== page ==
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Being Happy and All That Comes With It

Updated on September 7, 2012

“You know you want to get down!” he belted, dropping words out of his mouth like rocks off a cliff, and oh, was he right. I wanted it, no, I craved it. I needed it. It hurt to hear, but that didn’t make it any less irresistible. The weight of the vibrations blanketed my skin, pushing down with a rhythm semblant of addiction. He moved the crowd like puppets hung with musical strings, synchronizing the masses to his beautiful, twisted artistic tastes. Electric energy flowed through the crowd, magnified by neon bandanas and glowing jewelry. I was grooving. I was letting this perfectly overwhelming combination of human and musical reverberations echo through my inner workings, blasting geometric patterns across my senses, teaching me how to bend. Everyone was grooving. The music had been a beacon, a signal to all those seeking that ever so satisfying sound. We came, and we embraced…

…I wandered in half-circles for a few minutes before sitting down to fill my near-empty lungs. “I can have fun without her,” I said softly to myself…

I had come here without her. She knew, but I had come here without her. Someone told me that she might be coming, but who knows for sure? This or that, either way. But she did come, at least they said she did. I was surprised, pleasantly, of course. But where was she? I had yet to see her face.

“Shes fine,” said someone resembling a friend, whom upon closer inspection I identified as indeed, a friend.

“Are you sure?” I asked, not quite believing him. “Why doesn’t she want to see me?”

“I don’t know man, she’s in there somewhere…”

She was here… in the building with me, hearing the sounds I was so vividly feeling. I stepped clumsily back into the venue, my feet heavy with confusion, but quickly pulled myself together, or rather, I let myself fall to pieces. My essence shattered with the harsh energy of the pumping sounds around me. I closed my eyes to ignore my vision. It was trying to lead me, trying to put structure on my new-found freedom. I bent down, rose up, and bounced through the chaotic coagulation of color and nearly uncomfortable confinement constructed by the chemicals around me. But something held me down, grounding me, trying ever so hard to clip my wings. It was her. No, it was not her, that was the problem. I wanted her so bad, but I knew I couldn’t have her, at least not yet.

The tests continued. I shuddered with the thought of what I knew was coming: the test of faith. A girl, not her of course, edged smoothly up next to me. She rubbed ever so comfortably against me, fuming pheromones like a smokestack of multicolored toxic waste. My muscles warmed and loosened, I could feel her addictive vibrations bumping up against every exposed inch of me. Despite every bit of sense screaming opposition at me, I moved closer, edging towards that beautifully advertised touch.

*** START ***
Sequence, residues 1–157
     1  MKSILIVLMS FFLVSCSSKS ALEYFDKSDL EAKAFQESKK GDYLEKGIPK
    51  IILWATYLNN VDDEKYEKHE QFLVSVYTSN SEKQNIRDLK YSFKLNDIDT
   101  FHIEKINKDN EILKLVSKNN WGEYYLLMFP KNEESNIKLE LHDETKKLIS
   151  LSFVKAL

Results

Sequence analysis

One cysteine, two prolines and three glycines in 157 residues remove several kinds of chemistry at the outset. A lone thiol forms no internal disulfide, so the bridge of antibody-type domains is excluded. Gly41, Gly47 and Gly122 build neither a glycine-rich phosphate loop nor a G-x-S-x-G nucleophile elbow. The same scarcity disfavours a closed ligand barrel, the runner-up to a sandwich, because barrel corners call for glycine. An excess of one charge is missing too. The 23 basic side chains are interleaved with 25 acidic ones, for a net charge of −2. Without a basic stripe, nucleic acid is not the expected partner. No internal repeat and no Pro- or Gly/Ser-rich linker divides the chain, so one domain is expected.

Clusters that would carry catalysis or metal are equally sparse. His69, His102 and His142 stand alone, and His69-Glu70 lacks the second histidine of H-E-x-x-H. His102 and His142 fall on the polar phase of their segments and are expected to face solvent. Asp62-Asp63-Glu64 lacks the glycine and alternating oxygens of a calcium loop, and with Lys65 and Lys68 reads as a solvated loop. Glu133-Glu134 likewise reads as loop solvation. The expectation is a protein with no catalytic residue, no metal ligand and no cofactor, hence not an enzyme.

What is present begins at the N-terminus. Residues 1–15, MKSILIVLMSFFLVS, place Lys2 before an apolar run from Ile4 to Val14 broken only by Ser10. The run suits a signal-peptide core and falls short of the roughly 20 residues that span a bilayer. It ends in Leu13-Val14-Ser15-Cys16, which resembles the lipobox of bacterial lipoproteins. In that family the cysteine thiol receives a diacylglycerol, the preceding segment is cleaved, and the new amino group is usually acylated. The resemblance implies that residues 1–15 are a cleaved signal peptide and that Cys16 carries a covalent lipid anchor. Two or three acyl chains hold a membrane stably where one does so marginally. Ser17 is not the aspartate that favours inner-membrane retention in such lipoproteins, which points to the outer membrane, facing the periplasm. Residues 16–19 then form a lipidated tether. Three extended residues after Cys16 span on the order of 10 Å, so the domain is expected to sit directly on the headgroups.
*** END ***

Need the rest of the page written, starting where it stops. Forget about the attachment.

I wanted so bad to let just a brief moment of weakness slip by, but I knew that could never be the case. I pushed through the viscous material that was the crowd; out of touch, smell, and eventually sight of the sensuous siren behind me. My heart reached equilibrium at a pace characteristic of a man running for his life, and it felt incredible.

My friend bounced his fingers on my shoulder a few times and motioned towards the bar. I followed the invisible path he had set forth to the human watering hole, resting my weight on the counter when I arrived.

“Water please…” we said to the passing straight-faced bartenders serving intoxication at twelve dollars a glass to the masses. We waited expectantly, watching these salesmen of chaos ignore all those opposed. They poured their vile concoctions into miniature crystalline goblets, occasionally eyeing us with an expression halfway between disgust and contempt. My friend, he stared back. He understood the game they played, this sick twisted game of power that had been trying to engulf us since we came here. We weren’t like them, and they didn’t like it. No, as a matter of fact, the man right in front of us, he despised it. Finally, a fast-talking, fast-walking woman stepped in front of him, threw a bottle of water on the counter and held her hand out for money. We gave it to her and became a fast-walker too.

Then, the final test. I saw her, just a glimpse, but it was definitely her. She was walking away, or more precisely, hopping lively away with a man I thought to be my friend, though I also thought he could be someone else. My other friend assured me it wasn’t them, brushing the thought aside almost casually. She was leaving, and I could feel the distance between us broadening, stretching my soul the length of this now humungous room. She looked happy, maybe she wants to be with that kid. Maybe he’s better for her. “That might be her, but that’s not your friend with her,” he said.

What? An emotion similar to confusion mixed with heated distaste cascaded downward through my body like heavy, gelatinous liquid, washing me in powerful energy. I won’t lose her. I ran, my first foot colliding with the ground in front of me with the weight of my willpower, shifting my presence forward as I pushed towards her. I reached the guy first and put my hand on his shoulder to turn him around. He looked at me blankly for a brief second, then smiled.


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